Ethiopia and Tigray agree a truce
After 10 days of peace talks in South Africa, the Ethiopian government and forces in the northern Tigray region agreed to what they called “a permanent cessation of hostilities” in a brutal civil war that has lasted two years, displaced more than two million people and resulted in the deaths of as many as 500,000 people and widespread suffering.
The surprise deal came a day before the second anniversary of the start of the war. On November 3, 2020, Abiy Ahmed, Ethiopian Prime Minister and Nobel Peace Prize laureate, announced what he called a “law and order” operation against Tigrayan political leaders who had challenged his authority. The civil war recently escalated when Ethiopian troops, along with forces from Eritrea, claimed territory in Tigray.
The agreement signed yesterday outlines a plan to allow humanitarian access to Tigray, where electricity, banking and other vital services have been cut for more than 16 months. The agreement also contains provisions to reintegrate the Tigray regional government into the central government.
Analysis: “This cessation of hostilities agreement is an important step and brings much-needed respite to those devastated by the two-year civil war,” said Abdi Latif Dahir, Times East Africa Correspondent. . “But this is not the end point, and both sides will have to do a lot of work and overcome mistrust to ensure that a permanent peace is achieved.”
North Korea accused of shipping weapons to Russia
The United States has accused North Korea of secretly shipping a “significant number” of artillery shells to Russia to help in its war in Ukraine, a sign that Moscow is increasingly turning to the Pariah states for military supplies as the conflict continues. It was unclear if the artillery munitions had reached Russia, said White House national security spokesman John Kirby.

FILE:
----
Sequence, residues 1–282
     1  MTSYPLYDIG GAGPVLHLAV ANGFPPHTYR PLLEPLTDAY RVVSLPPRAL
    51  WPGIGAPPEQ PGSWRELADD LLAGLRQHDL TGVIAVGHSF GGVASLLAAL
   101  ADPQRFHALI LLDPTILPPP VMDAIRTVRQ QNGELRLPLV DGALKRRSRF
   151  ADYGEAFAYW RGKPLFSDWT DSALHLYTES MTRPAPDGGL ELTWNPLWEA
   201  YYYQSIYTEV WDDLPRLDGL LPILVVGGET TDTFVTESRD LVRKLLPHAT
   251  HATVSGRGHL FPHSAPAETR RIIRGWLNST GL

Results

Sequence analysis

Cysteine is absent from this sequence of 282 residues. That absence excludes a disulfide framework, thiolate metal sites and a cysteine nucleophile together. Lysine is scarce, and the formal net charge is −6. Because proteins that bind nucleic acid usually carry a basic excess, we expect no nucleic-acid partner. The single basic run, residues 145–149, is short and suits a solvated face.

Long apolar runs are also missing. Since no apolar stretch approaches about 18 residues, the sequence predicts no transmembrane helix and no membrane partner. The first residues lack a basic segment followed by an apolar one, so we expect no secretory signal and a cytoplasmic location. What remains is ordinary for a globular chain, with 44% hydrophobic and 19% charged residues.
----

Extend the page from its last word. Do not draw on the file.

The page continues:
“We’ll be monitoring to see if shipments are being received,” Kirby said. “Our information indicates that they are trying to obscure the method of supply by routing them to other countries in the Middle East and North Africa.” In September, North Korea said it had never supplied arms or ammunition to Russia and had no plans to do so.
The United States believes that the weapons will not change the tide of the war and that Ukraine will continue to have the ability to defend itself if North Korean munitions reach Russia. The United States is also concerned that Iran may also send drones and surface-to-surface missiles to Russia.
As Netanyahu nears victory, Israel’s far right celebrates
Benjamin Netanyahu, Israel’s former and likely future prime minister, has taken an almost insurmountable lead in Israel’s elections, even as officials delayed calling the election until all the votes had been counted. His once fringe far-right allies have already begun to celebrate: the result puts their extreme ideologies at the heart of Israel’s political system. Read five takeaways from the election.
An alliance of two ultra-nationalist religious parties, Jewish Power and Religious Zionism, will form the third-largest bloc in Israel’s next parliament, giving the far right newfound power, influence and respectability. Netanyahu’s party, Likud, once shunned the ideological antecedent of Jewish power. Today, he will most likely welcome party lawmakers into his government.